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Andrea Vidaurre, a 29-year-old Peruvian American organizer from Southern California, has won the prestigious Goldman Environmental Prize for her efforts in protecting her predominantly Latino community from widespread air pollution. Vidaurre is being recognized for her grassroots leadership in persuading state officials to adopt regulations that will substantially improve air quality for millions of people in California and reduce toxic emissions from the local freight industry. The prize, administered annually by the Goldman Environmental Foundation, was first awarded in 1990 and honors individuals from all six inhabited continents who are taking extraordinary actions to protect the planet.

Born and raised in California’s Inland Empire, an area known for having some of the worst air quality in the country, Vidaurre’s childhood memories of the region are idyllic. However, in recent years, she began noticing the negative impacts of air pollution as homes and schools were replaced with warehouses and diesel truck fumes permeated the community. As a co-founder and policy coordinator of the People’s Collective for Environmental Justice, Vidaurre worked with her neighbors and community members to address the environmental and health risks associated with the changing freight industry.

The freight industry plays a crucial role in the nation’s economy, but it also contributes significantly to air pollution in many communities, particularly those located near highways, ports, rail yards, and warehouses. Vidaurre highlighted the toxic chemicals emitted by transportation that contribute to climate change and harm human health. In response, she organized efforts to lobby for improved air quality regulations and founded a nonprofit organization focused on environmental justice in the Inland Empire.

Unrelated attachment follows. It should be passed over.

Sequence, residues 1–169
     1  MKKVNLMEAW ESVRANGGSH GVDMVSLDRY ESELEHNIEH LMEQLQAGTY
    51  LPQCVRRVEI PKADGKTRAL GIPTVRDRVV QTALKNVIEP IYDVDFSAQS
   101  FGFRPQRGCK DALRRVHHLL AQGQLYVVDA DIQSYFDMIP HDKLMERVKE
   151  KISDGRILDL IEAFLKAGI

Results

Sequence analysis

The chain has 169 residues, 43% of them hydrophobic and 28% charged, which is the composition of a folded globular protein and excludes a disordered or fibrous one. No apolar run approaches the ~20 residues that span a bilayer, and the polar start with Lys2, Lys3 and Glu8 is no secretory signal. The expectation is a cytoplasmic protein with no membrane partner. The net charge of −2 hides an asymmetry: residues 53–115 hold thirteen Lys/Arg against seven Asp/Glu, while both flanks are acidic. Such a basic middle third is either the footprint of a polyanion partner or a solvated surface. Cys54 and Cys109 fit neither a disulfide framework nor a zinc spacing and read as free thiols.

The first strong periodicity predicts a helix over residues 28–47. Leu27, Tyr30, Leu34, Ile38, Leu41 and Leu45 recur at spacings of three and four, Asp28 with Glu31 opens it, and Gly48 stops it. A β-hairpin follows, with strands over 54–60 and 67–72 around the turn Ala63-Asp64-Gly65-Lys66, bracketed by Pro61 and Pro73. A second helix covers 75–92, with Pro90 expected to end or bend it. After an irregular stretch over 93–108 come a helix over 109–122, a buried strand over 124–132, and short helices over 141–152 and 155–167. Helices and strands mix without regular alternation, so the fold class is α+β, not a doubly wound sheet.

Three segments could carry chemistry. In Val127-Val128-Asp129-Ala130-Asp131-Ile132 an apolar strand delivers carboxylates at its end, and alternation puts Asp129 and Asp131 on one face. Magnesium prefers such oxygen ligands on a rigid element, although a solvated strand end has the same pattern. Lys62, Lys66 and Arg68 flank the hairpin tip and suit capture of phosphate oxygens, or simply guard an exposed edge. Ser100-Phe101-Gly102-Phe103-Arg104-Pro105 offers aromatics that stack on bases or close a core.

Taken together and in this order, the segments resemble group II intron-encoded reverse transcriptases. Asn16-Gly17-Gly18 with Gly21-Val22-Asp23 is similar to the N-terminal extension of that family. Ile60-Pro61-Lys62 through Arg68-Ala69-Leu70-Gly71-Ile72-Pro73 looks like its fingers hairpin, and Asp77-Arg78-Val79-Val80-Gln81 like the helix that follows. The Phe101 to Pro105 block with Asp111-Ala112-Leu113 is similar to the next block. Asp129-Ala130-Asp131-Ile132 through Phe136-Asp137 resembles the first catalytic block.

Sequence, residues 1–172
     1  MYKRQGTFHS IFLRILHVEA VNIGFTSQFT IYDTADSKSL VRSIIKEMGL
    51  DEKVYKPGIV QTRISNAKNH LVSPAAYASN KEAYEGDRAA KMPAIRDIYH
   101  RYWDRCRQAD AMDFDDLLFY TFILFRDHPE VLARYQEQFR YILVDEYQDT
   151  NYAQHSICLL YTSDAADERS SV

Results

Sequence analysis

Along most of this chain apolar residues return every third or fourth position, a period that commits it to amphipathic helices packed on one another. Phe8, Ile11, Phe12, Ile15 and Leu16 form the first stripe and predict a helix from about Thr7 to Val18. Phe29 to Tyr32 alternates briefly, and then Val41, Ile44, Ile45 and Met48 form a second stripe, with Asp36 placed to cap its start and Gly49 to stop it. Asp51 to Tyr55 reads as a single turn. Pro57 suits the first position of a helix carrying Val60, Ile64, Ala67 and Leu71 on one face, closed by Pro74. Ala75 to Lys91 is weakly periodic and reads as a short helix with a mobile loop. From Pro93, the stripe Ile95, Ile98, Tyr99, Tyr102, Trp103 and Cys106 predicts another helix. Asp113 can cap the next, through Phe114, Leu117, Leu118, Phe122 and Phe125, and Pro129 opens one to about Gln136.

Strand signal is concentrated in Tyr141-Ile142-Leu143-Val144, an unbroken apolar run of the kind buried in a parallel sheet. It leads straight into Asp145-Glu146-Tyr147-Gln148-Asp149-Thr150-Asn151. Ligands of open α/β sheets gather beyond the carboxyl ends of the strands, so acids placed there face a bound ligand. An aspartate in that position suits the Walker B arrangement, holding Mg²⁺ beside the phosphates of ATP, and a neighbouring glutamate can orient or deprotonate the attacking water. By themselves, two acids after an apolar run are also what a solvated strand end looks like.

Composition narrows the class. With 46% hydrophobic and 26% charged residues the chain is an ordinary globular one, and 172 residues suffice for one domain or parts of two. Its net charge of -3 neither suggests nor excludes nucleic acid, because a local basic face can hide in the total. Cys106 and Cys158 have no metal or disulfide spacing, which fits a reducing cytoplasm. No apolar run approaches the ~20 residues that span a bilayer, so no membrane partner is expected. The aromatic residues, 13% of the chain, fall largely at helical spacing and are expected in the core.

Through years of organizing and advocacy, Vidaurre and her community members successfully persuaded California state officials to adopt two transportation regulations that will limit trucking and rail emissions and pave the way for 100% zero emissions for freight truck sales by 2036. Despite facing challenges from a well-funded industry, Vidaurre emphasized the importance of building a strong community coalition to overcome obstacles and achieve their goals. She hopes that their success can serve as a model for other cities and states facing similar environmental challenges.

Looking ahead, Vidaurre is focused on monitoring the implementation of the new regulations and continuing to work towards improving transportation systems in a way that is more efficient and less harmful to communities and the planet. She stressed the need to prioritize environmental sustainability and the health of communities in transforming the transportation sector. Vidaurre’s dedication to environmental justice and her efforts to protect her community from air pollution have earned her recognition and praise through the Goldman Environmental Prize, highlighting the importance of grassroots activism in addressing environmental issues.

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